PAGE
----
Jan Bajena

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# Think twice before using AGE in PotgreSQL

Recently my friend at Productboard noticed an interesting bug in one of our services. For some reason our code responsible for calculating how many days our customers' features spend in certain states (Idea, Discovery, Delivery, etc) in some cases would give us wrong results.

For example: even though you can tell by looking at the calendar that the days difference between `2021-02-28 00:00:00` and `2022-05-03 00:00:00` is `429 days`, our code would return `428.25 days` for that timespan.

After some research it turned out that the problem was caused by the fact that we were using PostgreSQL's `AGE` function for calculating days difference.

According to PostgreSQL's docs `AGE` function calculates `“symbolic” result that uses years and months, rather than just days`.
It wasn't super clear to me what "symbolic" means, so I started digging a bit and I realised that the purpose of `AGE` is not to calculate a precise time difference, but rather calculate age the way we, humans do it. Instead of subtracting UNIX timestamps like computers do, we subtract each component of the date and then adjust the negative values.

So, in the previous example (2021-02-28 - 2022-05-03):

• Years difference is `1`
• Months difference is `3`
• Days difference is `-25`, so we subtract 1 month, check how many days are left in February (0) and then add the days from May (3). Eventually we end up with `3` days.

We end up with `1 year, 2 months and 3 days`. Now, why does Postgres return `428.25` here?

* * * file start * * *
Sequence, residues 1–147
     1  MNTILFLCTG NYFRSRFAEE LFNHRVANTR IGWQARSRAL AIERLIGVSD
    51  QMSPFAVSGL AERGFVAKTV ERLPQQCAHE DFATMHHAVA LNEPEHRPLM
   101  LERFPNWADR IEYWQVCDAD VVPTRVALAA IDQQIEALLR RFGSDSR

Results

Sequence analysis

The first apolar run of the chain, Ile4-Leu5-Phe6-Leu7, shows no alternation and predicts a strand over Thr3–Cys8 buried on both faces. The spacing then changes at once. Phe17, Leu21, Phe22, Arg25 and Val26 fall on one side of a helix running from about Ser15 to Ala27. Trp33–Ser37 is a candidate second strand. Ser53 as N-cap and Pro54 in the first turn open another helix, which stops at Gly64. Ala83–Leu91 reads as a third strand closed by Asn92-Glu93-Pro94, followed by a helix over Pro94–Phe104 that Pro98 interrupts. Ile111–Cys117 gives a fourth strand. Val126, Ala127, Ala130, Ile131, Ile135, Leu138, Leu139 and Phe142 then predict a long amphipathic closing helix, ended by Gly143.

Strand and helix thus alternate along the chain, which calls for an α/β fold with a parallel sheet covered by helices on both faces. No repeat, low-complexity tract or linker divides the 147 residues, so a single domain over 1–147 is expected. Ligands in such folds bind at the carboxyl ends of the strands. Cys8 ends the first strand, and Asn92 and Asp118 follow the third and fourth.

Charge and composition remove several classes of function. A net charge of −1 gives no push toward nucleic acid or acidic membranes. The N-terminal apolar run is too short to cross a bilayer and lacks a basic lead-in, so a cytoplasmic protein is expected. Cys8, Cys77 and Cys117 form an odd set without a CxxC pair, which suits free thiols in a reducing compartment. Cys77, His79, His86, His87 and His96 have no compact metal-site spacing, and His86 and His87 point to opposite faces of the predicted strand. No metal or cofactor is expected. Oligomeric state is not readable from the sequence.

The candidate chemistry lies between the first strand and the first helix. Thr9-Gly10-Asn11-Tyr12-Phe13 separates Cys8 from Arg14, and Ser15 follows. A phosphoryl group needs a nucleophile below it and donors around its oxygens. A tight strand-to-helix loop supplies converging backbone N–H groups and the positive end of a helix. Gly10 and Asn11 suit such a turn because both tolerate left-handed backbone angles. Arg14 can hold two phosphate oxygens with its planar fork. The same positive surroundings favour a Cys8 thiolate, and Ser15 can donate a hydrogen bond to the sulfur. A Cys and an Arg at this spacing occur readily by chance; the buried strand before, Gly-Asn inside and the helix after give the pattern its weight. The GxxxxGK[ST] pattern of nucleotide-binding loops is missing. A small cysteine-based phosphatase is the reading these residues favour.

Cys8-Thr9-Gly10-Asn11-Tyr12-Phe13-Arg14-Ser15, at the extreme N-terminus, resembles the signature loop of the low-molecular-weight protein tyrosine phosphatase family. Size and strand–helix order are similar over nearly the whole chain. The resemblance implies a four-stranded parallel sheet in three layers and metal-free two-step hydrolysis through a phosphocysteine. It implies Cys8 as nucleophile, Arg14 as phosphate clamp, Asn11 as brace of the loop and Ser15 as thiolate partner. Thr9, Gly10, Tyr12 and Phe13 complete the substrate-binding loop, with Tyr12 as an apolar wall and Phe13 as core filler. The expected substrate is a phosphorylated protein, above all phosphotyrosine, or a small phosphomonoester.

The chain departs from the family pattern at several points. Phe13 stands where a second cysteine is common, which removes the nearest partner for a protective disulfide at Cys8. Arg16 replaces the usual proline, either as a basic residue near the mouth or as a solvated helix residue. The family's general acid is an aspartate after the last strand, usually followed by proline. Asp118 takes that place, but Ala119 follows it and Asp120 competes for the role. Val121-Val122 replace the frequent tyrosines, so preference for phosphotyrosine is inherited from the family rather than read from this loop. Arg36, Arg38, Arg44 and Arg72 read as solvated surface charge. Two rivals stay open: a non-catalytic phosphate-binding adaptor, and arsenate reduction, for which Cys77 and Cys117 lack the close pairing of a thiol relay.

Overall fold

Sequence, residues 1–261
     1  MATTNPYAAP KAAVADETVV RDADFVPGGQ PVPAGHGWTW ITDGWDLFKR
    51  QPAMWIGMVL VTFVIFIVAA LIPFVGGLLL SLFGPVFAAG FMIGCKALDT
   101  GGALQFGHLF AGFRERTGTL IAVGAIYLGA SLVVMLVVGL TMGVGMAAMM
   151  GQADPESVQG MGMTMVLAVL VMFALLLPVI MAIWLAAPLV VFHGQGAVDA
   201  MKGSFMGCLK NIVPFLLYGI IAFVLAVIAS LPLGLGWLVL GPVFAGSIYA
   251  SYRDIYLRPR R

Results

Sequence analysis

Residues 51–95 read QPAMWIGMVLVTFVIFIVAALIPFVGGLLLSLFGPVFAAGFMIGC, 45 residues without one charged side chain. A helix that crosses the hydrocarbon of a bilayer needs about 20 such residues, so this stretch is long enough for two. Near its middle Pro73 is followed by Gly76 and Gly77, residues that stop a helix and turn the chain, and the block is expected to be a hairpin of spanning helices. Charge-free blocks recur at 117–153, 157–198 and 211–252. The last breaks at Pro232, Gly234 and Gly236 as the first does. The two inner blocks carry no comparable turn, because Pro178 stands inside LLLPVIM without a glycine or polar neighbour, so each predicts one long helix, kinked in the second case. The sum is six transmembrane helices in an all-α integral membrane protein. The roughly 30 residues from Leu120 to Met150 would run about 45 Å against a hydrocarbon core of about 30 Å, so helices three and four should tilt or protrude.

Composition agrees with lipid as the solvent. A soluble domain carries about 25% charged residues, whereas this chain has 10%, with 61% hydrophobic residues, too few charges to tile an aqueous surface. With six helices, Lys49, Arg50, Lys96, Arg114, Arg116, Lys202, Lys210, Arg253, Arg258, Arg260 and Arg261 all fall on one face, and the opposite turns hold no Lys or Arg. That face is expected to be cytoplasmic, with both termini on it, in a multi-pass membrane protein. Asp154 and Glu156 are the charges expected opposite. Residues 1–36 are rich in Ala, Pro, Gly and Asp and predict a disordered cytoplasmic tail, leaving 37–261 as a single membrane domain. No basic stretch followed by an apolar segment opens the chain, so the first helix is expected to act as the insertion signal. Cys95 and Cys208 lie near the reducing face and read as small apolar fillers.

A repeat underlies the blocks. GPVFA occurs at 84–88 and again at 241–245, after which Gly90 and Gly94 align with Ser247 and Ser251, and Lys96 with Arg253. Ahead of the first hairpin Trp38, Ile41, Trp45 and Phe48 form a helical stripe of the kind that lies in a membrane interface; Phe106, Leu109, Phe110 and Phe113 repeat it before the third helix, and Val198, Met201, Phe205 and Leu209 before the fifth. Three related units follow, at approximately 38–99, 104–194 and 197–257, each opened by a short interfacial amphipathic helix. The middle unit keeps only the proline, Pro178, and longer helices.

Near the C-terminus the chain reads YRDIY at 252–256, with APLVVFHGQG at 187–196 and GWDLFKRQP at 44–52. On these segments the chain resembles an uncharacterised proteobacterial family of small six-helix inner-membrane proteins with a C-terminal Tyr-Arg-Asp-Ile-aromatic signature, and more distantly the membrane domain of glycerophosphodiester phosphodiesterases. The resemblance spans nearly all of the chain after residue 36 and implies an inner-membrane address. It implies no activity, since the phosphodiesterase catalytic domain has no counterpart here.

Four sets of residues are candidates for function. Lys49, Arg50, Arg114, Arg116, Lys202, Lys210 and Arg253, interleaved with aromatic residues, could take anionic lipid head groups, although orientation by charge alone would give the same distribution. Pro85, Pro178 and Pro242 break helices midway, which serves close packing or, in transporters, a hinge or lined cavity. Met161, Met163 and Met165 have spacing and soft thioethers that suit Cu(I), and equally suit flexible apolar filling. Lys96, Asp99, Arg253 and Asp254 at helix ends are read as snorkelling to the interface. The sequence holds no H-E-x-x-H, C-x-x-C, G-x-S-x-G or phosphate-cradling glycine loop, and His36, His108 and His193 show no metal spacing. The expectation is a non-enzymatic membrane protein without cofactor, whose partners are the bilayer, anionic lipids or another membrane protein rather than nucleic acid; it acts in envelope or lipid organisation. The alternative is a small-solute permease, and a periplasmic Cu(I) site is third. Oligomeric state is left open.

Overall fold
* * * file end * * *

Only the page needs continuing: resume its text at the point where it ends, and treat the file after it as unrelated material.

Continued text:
It's because:

• The number of days returned by `AGE` is `365.25` - it's an average number of days in a year when we take leap years into consideration.
• Postgres uses `30` as number of days in each month

So, now it all makes sense - `1 year, 2 months and 3 days` leave us with `365.25 + 2 * 30 + 3 = 428.25` days 🤓.

Fortunately the solution to our problem was extremely simple - we just had to replace the `AGE` function with the subtraction operator.
In order to show you the difference, here's a query that I ran in an online postgres query tool:

``````SELECT
EXTRACT(epoch FROM ('2022-05-03 00:00:00'::timestamp - '2021-02-28 00:00:00'::timestamp)) / (3600 * 24) as subtraction_days,
EXTRACT(epoch FROM AGE('2022-05-03 00:00:00'::timestamp, '2021-02-28 00:00:00'::timestamp)) / (3600 * 24) as age_days
FROM "current_schema"()
``````

The moral of this story is that time calculations are an extremely sensitive matter that can be approached by computers and humans differently. Fortunately PostgreSQL has all of the possible approaches covered. We, as developers, just have to understand our use case, read the documentation and think twice in order to pick an appropriate one.